The new US policy on access to research publications suggests an acceleration in the shift toward open access. Christos Petrou examines what that would look like in different fields and for different journals.
Popular opinion to the contrary, scholarly publishing has not been disrupted. But only superior management can navigate the many challenges ahead.
In the shift beyond content licensing and towards supporting researcher workflow, Elsevier has few competitors. A key question is whether Digital Science and SpringerNature should be understood strategically as one company, or two. Who owns Digital Science?
Many of the finest scholarly publications can boast of exemplary editorial programs, but the advent of Gold Open Access, especially when mandated by funding agencies, may make this kind of editorial activity a thing of the past.
Elsevier’s new CiteScore service is a carefully thought-out element in the company’s competitive strategy, but it reinforces the widespread error that bibliometrics can be use as proxies for the quality of a publication.
Citation indexes need to provide standardized citation histograms for editors and publishers. Without them, it is unlikely that they will be widely adopted. At worse, it will encourage the production of histograms that selectively highlight or obscure the data.
A tour of four major “megajournals” and some of their neighbors finds a few common approaches and a few distinguishing features, but the entire category may need to be rethought given the lack of “mega” generally among the set.
While all publishers like to have a strong brand, some brands are so prestigious that they actually serve to paralyze the managements responsible for them, making it impossible to introduce innovations and to develop the business. Vast bureaucracies arrive whose purpose is not to develop the business but to protect the vaunted brand. This is a management problem, not a marketing one, but it can stymie a publisher from pursuing a progressive agenda.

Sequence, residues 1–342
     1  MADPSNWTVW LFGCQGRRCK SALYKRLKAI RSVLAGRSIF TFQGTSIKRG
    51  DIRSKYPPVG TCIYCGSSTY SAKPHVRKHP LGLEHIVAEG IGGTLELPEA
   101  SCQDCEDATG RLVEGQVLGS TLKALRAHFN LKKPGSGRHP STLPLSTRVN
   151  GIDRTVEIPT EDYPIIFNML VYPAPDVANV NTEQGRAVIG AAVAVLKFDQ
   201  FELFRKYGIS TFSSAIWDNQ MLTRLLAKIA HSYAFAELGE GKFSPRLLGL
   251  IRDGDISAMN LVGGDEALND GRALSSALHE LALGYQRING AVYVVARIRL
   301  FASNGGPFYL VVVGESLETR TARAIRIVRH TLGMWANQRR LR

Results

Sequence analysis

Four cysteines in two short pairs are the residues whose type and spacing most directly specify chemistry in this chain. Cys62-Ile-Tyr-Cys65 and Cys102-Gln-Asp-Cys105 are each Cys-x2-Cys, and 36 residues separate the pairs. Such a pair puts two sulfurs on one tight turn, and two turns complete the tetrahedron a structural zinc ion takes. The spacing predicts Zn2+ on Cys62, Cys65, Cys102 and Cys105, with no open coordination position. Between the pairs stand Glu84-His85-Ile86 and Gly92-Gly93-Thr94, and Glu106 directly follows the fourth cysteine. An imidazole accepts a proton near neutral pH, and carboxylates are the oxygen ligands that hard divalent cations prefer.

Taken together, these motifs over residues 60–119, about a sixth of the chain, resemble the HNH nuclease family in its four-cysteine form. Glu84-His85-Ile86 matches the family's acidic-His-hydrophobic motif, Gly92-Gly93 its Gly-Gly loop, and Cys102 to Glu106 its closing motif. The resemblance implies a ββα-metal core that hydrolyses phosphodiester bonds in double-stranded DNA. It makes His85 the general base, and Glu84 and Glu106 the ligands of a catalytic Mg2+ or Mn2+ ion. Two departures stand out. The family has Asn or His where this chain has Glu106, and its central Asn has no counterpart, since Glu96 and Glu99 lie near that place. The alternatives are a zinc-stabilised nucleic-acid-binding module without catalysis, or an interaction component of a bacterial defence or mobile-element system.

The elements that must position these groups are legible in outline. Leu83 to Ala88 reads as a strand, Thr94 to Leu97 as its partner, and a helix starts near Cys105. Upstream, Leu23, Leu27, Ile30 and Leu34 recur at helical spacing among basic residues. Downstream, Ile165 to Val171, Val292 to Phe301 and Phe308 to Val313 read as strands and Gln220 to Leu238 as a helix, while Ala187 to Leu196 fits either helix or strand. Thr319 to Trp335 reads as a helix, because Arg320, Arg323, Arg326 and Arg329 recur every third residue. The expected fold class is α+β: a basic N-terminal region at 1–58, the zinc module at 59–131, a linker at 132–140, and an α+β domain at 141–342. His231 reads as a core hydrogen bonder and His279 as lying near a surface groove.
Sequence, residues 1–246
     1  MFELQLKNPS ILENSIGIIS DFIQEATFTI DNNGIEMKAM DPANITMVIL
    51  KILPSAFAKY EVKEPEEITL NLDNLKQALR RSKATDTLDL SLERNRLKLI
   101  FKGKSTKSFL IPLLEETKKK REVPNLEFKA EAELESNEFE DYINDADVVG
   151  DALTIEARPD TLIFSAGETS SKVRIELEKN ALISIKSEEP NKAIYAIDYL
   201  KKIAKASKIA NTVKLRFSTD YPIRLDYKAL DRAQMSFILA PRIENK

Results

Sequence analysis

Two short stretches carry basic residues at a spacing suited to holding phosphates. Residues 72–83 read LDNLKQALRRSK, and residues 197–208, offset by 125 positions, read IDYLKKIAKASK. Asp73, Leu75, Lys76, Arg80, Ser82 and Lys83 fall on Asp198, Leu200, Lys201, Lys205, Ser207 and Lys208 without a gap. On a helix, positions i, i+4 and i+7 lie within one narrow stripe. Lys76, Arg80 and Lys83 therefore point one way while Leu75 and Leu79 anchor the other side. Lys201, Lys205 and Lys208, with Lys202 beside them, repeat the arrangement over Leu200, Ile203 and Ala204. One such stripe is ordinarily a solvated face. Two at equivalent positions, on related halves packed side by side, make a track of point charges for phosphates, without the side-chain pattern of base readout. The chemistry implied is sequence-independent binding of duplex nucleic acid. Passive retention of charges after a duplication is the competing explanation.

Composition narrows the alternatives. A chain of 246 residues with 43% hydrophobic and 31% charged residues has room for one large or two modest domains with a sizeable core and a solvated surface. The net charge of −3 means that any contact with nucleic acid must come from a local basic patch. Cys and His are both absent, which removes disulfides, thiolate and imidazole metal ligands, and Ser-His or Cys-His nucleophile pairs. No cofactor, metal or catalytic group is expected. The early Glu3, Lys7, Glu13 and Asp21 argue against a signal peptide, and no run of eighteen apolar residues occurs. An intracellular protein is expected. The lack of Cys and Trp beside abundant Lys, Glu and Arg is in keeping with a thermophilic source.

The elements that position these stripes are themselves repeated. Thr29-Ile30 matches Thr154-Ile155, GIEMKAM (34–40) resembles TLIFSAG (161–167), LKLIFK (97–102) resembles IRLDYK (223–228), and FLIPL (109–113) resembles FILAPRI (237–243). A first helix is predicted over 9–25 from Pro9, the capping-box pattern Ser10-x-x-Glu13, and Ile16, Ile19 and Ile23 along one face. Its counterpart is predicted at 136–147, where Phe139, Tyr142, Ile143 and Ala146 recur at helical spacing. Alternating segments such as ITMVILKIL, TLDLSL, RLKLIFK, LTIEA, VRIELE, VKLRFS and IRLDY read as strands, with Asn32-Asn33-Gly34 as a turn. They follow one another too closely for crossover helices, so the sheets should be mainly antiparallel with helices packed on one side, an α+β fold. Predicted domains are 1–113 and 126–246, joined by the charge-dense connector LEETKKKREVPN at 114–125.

Open access publishing has gone through a number of stages. Though different people will classify these stages in diverse ways, one way to view this is to say that since the initial period of advocacy for open access, commercial interests have entered this market and are now prepared to augment their positions by leveraging their elite brands, using them, as it were, to draw manuscripts for a family of cascading products.
A presentation to a scientific society on the current environment that STM publishers have to work in. Five issues are identified: regulatory matters, new technology, the structure of the marketplace, competition, and governance.
In this article we take a look at the start-up incubation business of Digital Science. Robert Harington acts as your unreliable narrator through a revealing conversation with Timo Hannay, Managing Director of Digital Science.
Gold open access publishing has proved to be successful, but it has certain limitations. This essay probes what those limitations are, but it argues that OA’s limitations do not outweigh its strengths. Gold OA most usefully coexists with traditional publishing models.
A new essay by Rick Anderson proposes that libraries begin to focus more strongly on special collections and migrate away from the collection of commodity content. This would have a dramatic impact on the structure of the marketplace for scholarly materials and would be more disruptive than anything currently being bandied about. That may not be a bad thing.
While we tend to think of publishing as an attempt to make objectively true comments about the quality of research, in fact publishing is driven by personality. Services that try to eliminate such personality are likely to see personality reassert itself in other ways.
Nature (the journal) announces unwavering support for Gold OA on the same day Nature (the company) announces a major Gold OA partnership. But Nature (the journal) doesn’t itself adopt Gold OA. Why not?